Older Than You Think

Another story that “can’t” go into the newsletter since it will trigger filters. This one isn’t “adult” in nature, but you’ll understand the filter issue when you read the story.

This “would have been” included in the 9 June 2019 issue:

I’ll Be Damned — It’s True!

After five years of legal maneuvers, investigators have unraveled a “shell company” controlled by Sani Abacha, an Army general who seized power over Nigeria as dictator in 1993, and served as president until his mysterious death in 1998 at age 54. The company, called Doraville, had a bank account on the Bailiwick of Jersey where Abacha funneled money — now worth more than 210 million pounds (US$267 million). The money will be split among Nigeria, Jersey, and the United States, but is thought to be just a small portion of billions of dollars that Gen. Abacha laundered and squirreled away for himself. Last year, US$300 million Abacha embezzled from public funds was returned to Nigeria from banks in Switzerland. (RC/BBC) …And if you will help us get the rest out of the country by using your bank account as a holding place, we will happily let you keep 20 percent for your trouble.

Not the First Time

Just a little of the money from one raid on Nigerian scammers.

I’ve had to use the blog for several such stories over the years, such as the story behind this huge pile of money — which is only a portion of the cash recovered in a raid on Nigerian “419” scammers.

Like what?

Well, there’s the mind-boggling story behind the photo here, from the post This Can’t Go In the Newsletter in 2017. And there’s a page I put up in 2012 so readers could point it out to gullible friends and family, The Nigerian “419” Scam.

As usual, it all comes down to thinking before biting on something that’s too good to be true …since while you’re trying to get their “free money,” you’re really risking your own hard-earned money.

Older Than You Think

It’s an old scam. I don’t mean it goes back to the days of fax machines (and it does — think about that!). Rather, this is what I mean: in 1898, the New York Times called this kind of scam An Old Swindle Revived!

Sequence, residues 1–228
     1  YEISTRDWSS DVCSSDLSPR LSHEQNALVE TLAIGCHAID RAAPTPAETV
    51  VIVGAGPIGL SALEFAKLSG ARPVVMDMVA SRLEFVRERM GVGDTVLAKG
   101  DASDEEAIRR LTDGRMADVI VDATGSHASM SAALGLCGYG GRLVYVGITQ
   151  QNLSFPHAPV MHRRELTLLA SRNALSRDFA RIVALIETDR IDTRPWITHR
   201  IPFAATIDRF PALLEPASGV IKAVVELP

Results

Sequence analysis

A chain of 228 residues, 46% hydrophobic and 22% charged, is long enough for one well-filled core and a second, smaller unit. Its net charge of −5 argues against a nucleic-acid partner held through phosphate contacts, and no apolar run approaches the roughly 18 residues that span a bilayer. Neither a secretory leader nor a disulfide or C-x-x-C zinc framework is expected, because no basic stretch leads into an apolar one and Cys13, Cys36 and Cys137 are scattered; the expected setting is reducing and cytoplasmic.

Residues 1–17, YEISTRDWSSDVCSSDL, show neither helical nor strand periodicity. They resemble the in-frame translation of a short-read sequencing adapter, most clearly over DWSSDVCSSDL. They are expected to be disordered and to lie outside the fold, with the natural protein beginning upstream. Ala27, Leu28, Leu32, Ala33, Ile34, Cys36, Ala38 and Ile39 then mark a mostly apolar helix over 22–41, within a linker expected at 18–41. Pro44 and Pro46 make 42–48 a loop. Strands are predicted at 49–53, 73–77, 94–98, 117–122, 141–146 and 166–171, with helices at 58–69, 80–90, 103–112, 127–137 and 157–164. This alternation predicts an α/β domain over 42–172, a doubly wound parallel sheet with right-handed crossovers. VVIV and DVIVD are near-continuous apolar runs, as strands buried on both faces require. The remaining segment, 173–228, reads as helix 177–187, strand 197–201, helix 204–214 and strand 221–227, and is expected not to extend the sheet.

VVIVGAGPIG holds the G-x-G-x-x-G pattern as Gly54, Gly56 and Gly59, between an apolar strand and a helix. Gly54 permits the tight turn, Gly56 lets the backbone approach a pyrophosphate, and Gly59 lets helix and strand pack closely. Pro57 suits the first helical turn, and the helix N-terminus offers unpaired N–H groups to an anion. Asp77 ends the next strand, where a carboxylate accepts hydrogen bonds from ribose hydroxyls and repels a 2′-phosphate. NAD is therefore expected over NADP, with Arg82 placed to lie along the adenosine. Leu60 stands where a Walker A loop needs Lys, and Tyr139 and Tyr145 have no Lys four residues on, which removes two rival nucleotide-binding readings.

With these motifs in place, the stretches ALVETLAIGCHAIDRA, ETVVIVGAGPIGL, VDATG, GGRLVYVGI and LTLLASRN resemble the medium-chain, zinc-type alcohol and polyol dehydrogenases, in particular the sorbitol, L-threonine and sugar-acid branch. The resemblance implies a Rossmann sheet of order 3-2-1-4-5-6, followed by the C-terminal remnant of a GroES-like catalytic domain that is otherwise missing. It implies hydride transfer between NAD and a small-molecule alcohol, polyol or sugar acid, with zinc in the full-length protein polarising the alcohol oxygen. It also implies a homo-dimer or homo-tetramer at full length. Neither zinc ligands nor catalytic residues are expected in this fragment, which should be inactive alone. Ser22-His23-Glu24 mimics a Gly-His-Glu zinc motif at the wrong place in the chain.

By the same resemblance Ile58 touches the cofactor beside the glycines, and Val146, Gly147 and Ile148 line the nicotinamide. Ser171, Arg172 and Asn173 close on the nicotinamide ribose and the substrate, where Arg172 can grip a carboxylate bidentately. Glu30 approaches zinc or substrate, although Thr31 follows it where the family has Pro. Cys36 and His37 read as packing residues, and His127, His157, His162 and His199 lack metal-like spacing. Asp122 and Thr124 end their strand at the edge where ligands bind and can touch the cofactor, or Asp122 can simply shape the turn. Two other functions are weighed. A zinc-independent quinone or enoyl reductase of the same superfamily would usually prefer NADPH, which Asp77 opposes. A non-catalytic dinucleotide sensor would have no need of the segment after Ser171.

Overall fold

A clip from the 20 March 1898 New York Times. You can read the whole story on their site (subscription required).

But it still works for the scammers, because you know what? There’s a sucker born every minute.

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5 Comments on “Older Than You Think

  1. The fax machine was invented in 1843, though. Maybe the old scam came along with the fax?

    There is a difference between “invented” and “widely adopted”….

  2. Was easier in 1898 when you could target isolated populations that had no access to news or good information.

  3. Why do you just post a teaser — to read the story, we’d have to subscribe to the NYT!

    It’s not proper to copy someone else’s work to your own web site. Headline/teaser is the web standard for linking. You’d prefer I didn’t link it at all? -rc

  4. I received a phone call in April of 2019 from someone calling me ‘grandpa’ and claiming to be my grandson (without using my real grandson’s name). The caller claimed he was in Washington DC and had a car accident and needed cash to get his car back from a towing company — just send him $500 via Western Union telegram.

    I had a long conversation with this person. I thought it was an entertaining variation on the Spanish Prisoner scam and told the caller just that.

  5. I have been reading your column since the 90s, and it’s always been worth the money. I started with the free edition, but the cost of the Premium was reasonable enough to switch.

    I will continue to read it till one of us dies.

    I greatly appreciate your support, Lenny. -rc

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